The fiery crash trapped Miller inside his car and burned him alive,

The family filed the lawsuit in March alleging someone at Husk should have stopped Burnell from driving home after he and other employees drank for free in the restaurant's bar, court records indicate. The settlement offer is not final until a court hearing later this week.

The Neighborhood Dining Group, Husk's owners, and its insurance company Peerless Indemnity Insurance Company have agreed to pay the settlement to Miller's parents and his common-law wife rather than going forward with a trial, federal court records indicate.

Less attorney's fees, the victim's heirs will receive about $610,000, according to U.S. District Court records. Burnell, who was not named as a defendant in the lawsuit, still faces felony DUI charges relating to the crash. He's free on a $50,000 bond while the case moves through court.

Husk rose to national prominence in It's known for serving locally grown and farm-raised fare.


Restaurant Settles Wrongful Death Suit

The owners of a nationally known downtown Charleston restaurant have agreed to pay a $1.1 million to settle a wrongful death lawsuit relating to a 2011 fiery car crash that killed a Mount Pleasant man.

The case stems from an early morning crash in December 2011 on the Arthur Ravenel Bridge in which Quentin Gregory Miller was killed. Police, and Miller's family, allege Adam Joseph Burnell, a Husk manager, was driving drunk when he lost control of his vehicle and struck Miller's Ford Mustang.

The fiery crash trapped Miller inside his car and burned him alive,

The family filed the lawsuit in March alleging someone at Husk should have stopped Burnell from driving home after he and other employees drank for free in the restaurant's bar, court records indicate. The settlement offer is not final until a court hearing later this week.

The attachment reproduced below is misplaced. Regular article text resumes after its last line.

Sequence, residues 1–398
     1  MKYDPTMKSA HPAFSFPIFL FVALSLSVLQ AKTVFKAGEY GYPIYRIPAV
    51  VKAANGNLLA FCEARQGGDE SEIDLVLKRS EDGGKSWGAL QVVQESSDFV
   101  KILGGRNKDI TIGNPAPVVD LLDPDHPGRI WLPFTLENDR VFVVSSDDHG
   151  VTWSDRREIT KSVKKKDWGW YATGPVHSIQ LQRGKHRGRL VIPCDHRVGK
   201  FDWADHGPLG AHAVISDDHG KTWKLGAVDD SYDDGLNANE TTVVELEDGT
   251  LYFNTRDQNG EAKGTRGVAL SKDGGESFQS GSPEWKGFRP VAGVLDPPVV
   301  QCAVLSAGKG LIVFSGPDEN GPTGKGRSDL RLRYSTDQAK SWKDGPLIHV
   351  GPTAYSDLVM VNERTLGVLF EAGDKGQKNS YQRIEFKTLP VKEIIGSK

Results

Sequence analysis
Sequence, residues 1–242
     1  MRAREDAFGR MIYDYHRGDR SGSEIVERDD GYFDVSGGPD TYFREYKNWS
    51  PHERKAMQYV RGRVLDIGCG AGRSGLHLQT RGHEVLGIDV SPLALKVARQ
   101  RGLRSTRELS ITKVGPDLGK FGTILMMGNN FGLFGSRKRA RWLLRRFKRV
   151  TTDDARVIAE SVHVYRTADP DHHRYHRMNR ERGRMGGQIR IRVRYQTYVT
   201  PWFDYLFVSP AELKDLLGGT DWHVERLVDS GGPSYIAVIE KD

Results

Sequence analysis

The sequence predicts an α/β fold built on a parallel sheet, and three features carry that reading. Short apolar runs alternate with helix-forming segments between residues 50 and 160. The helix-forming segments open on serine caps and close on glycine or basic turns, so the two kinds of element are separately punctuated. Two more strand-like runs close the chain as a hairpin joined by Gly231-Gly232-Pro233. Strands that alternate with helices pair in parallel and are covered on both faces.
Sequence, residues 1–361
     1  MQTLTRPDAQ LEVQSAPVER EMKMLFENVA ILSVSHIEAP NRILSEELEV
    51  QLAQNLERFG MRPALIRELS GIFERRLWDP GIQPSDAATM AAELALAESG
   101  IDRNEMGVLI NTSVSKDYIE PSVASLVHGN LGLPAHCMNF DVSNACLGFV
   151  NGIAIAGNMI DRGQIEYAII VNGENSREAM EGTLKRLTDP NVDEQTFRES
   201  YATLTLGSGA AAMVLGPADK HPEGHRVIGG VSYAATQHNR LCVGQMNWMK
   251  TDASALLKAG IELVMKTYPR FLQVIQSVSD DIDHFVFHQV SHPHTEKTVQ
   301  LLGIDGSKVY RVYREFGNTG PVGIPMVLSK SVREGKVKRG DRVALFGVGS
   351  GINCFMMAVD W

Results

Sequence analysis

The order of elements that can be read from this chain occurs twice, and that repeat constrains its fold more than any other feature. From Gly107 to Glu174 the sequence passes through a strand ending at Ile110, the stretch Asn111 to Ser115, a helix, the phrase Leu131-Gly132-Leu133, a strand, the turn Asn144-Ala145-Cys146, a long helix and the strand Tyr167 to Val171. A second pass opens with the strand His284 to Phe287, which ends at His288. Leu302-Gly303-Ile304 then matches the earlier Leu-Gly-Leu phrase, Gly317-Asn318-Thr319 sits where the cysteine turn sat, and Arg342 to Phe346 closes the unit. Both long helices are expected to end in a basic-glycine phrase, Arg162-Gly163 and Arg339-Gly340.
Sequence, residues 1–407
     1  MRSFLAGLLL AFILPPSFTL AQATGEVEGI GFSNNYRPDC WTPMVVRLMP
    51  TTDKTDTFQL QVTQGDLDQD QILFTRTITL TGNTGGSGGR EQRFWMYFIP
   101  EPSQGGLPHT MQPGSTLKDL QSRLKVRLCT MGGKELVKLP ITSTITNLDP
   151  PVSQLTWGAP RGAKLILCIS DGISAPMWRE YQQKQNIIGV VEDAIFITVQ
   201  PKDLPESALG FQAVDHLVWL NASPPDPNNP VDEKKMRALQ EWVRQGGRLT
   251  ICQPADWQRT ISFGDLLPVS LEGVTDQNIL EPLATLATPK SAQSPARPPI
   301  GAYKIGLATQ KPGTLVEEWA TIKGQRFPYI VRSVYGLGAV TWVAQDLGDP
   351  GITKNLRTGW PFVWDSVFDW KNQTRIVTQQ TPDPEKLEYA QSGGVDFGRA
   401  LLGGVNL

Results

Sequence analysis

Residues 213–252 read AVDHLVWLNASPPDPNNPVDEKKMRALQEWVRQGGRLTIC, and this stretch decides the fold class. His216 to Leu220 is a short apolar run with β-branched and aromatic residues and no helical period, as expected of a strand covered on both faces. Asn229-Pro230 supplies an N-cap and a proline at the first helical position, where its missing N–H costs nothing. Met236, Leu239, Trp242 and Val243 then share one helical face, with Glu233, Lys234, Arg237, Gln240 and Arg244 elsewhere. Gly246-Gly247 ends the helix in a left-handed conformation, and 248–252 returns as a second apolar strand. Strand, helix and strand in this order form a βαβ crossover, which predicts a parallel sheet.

The Neighborhood Dining Group, Husk's owners, and its insurance company Peerless Indemnity Insurance Company have agreed to pay the settlement to Miller's parents and his common-law wife rather than going forward with a trial, federal court records indicate.

Less attorney's fees, the victim's heirs will receive about $610,000, according to U.S. District Court records. Burnell, who was not named as a defendant in the lawsuit, still faces felony DUI charges relating to the crash. He's free on a $50,000 bond while the case moves through court.

Husk rose to national prominence in It's known for serving locally grown and farm-raised fare.


Restaurant Settles Wrongful Death Suit

The owners of a nationally known downtown Charleston restaurant have agreed to pay a $1.1 million to settle a wrongful death lawsuit relating to a 2011 fiery car crash that killed a Mount Pleasant man.

The case stems from an early morning crash in December 2011 on the Arthur Ravenel Bridge in which Quentin Gregory Miller was killed. Police, and Miller's family, allege Adam Joseph Burnell, a Husk manager, was driving drunk when he lost control of his vehicle and struck Miller's Ford Mustang.

The fiery crash trapped Miller inside his car and burned him alive,

The family filed the lawsuit in March alleging someone at Husk should have stopped Burnell from driving home after he and other employees drank for free in the restaurant's bar, court records indicate. The settlement offer is not final until a court hearing later this week.

The Neighborhood Dining Group, Husk's owners, and its insurance company Peerless Indemnity Insurance Company have agreed to pay the settlement to Miller's parents and his common-law wife rather than going forward with a trial, federal court records indicate.

Less attorney's fees, the victim's heirs will receive about $610,000, according to U.S. District Court records. Burnell, who was not named as a defendant in the lawsuit, still faces felony DUI charges relating to the crash. He's free on a $50,000 bond while the case moves through court.

Husk rose to national prominence in It's known for serving locally grown and farm-raised fare.